Conservation Issues of the Ventana Chapter | monterey county
Chapter Appeals Sand City Approval of The Collection resort to the California Coastal Commission
Sierra Club has concerns about the future of this federally-listed Threatened Western snowy plover with planned developments in coastal dunes at Sand City. (Photographer Brian L. Sullivan).
Ventana Chapter's attorney, Larry Silver has filed an appeal with the California Coastal Commission over the approval by the Sand City City Council of the The Collection at Monterey Bay resort planned for 26 acres in the dunes west of Highway 1. As proposed, the 340 unit resort is to be constructed in two phases: the first phase will include 105 time share units and the second phase will include a 235-unit hotel with a restaurant, conference center and wellness spa. There will be over 600 parking spaces.
The appeal says that the project as approved is inconsistent with the City's certified Local Coastal Program (LCP) policies including those related to hazard avoidance, protection of public views and natural resources, public access and adequacy of public services (traffic). The FEIR is inadequate and does not address protection of Seacliff buckwheat or Western snowy plover at the site. The project does not avoid and minimize significant impacts to important public views of the Pacific Ocean and the Monterey Peninsula. And the FEIR does not adequately address traffic access and shoreline hazards at the site.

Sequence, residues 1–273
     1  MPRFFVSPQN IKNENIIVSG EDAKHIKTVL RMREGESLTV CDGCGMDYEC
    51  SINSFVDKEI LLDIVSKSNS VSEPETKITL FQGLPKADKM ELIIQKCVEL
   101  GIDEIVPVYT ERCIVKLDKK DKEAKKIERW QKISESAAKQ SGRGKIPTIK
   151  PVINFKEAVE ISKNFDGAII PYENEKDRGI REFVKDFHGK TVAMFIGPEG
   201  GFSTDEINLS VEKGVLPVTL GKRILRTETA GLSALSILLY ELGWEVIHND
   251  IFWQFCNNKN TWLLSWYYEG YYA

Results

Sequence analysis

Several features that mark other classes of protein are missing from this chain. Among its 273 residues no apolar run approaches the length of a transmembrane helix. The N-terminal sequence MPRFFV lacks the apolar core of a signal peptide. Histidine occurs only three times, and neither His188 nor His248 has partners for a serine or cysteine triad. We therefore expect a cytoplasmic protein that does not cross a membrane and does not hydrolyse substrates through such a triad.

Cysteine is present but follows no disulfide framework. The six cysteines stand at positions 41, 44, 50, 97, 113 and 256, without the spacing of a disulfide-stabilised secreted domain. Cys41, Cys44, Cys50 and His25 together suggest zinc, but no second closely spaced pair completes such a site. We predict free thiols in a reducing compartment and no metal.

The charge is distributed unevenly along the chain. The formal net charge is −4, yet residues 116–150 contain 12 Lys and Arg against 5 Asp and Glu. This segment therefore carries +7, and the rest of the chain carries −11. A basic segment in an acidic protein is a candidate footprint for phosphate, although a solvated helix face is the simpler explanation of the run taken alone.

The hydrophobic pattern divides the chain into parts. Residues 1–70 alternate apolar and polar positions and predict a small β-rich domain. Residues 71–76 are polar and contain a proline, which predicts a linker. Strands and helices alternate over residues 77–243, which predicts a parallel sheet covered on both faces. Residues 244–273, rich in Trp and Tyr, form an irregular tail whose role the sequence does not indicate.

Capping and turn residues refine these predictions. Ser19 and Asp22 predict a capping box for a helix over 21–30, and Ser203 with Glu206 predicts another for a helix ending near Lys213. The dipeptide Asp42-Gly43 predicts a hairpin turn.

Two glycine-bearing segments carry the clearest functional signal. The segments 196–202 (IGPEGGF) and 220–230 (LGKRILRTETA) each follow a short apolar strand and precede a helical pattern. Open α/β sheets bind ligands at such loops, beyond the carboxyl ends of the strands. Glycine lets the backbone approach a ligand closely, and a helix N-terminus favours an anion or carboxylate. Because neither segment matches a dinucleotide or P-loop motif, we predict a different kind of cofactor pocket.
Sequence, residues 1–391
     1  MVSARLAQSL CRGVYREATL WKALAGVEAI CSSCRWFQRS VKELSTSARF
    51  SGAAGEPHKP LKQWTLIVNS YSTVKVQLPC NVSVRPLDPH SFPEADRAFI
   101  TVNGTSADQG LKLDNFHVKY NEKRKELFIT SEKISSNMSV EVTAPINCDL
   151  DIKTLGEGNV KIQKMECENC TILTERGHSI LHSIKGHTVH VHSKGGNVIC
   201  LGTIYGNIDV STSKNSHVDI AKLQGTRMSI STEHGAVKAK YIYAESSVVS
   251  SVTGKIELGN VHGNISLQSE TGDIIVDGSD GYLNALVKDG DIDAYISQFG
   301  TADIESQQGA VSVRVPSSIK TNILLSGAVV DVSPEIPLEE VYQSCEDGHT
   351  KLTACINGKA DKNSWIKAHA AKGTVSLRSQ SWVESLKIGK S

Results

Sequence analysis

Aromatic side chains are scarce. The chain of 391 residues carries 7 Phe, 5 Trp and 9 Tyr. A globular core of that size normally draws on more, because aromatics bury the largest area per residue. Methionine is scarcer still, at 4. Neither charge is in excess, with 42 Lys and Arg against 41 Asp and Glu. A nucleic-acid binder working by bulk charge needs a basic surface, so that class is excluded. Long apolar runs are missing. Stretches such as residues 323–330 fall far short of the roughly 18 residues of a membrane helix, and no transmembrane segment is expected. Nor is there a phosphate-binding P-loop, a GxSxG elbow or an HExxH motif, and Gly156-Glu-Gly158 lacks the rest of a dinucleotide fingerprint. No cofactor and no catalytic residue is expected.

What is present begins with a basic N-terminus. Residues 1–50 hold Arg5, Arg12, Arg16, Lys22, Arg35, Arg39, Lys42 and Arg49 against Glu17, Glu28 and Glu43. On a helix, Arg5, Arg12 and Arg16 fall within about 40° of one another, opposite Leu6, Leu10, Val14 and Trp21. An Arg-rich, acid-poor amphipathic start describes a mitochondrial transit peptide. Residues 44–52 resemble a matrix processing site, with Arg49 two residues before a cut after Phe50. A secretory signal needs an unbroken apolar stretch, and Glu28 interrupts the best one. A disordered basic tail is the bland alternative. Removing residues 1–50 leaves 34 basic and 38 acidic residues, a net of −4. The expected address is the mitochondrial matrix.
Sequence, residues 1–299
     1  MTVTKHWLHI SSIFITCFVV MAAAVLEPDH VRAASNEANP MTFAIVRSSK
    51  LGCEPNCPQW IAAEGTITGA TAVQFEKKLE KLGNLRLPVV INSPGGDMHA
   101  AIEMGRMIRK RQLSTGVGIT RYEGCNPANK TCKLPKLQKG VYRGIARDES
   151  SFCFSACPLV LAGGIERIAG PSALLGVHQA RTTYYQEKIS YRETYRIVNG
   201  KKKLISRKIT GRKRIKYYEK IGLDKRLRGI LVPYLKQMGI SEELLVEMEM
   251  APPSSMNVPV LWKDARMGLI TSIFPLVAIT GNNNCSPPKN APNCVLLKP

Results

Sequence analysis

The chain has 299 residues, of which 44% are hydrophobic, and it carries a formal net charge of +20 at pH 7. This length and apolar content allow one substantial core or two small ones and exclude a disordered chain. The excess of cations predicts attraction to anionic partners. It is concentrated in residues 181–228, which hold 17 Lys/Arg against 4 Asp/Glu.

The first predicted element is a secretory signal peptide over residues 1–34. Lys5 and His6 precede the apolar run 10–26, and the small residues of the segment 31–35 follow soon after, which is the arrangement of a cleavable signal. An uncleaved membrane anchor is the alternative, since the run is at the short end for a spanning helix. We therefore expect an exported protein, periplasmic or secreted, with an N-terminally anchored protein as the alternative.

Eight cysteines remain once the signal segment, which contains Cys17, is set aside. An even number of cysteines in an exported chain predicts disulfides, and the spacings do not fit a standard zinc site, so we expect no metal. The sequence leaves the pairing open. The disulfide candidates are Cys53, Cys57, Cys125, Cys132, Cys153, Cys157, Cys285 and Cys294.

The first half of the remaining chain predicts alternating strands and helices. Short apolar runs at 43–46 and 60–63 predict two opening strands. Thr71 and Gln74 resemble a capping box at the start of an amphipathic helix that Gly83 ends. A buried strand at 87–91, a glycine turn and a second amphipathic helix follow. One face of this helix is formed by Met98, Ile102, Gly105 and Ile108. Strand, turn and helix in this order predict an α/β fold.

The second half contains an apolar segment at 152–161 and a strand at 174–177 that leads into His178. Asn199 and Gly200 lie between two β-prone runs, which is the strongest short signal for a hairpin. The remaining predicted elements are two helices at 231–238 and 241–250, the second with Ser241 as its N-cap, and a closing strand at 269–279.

Furthermore, the development is not sited to ensure safety and dune stability over its economic lifetime as required by the City's LCP. Portions of the project would be threatened by coastal erosion over time and the FEIR does not address this high risk scenario. Also, the FEIR does not discuss the effects on public access of re-routing the Monterey Bay Sanctuary Scenic Trail to accommodate this project.
California Coastal Commission Chair Steven Kinsey and Commissioner Mary Shallenberger have also filed an appeal of the Collection proposed development to the CCC. They argue that "the approved project is inconsistent with provisions of Sand City's certified Local Coastal Program with respect to hazards, natural visual resources, development and public access, and is also inconsistent with the public access and recreation policies of the Coastal Act."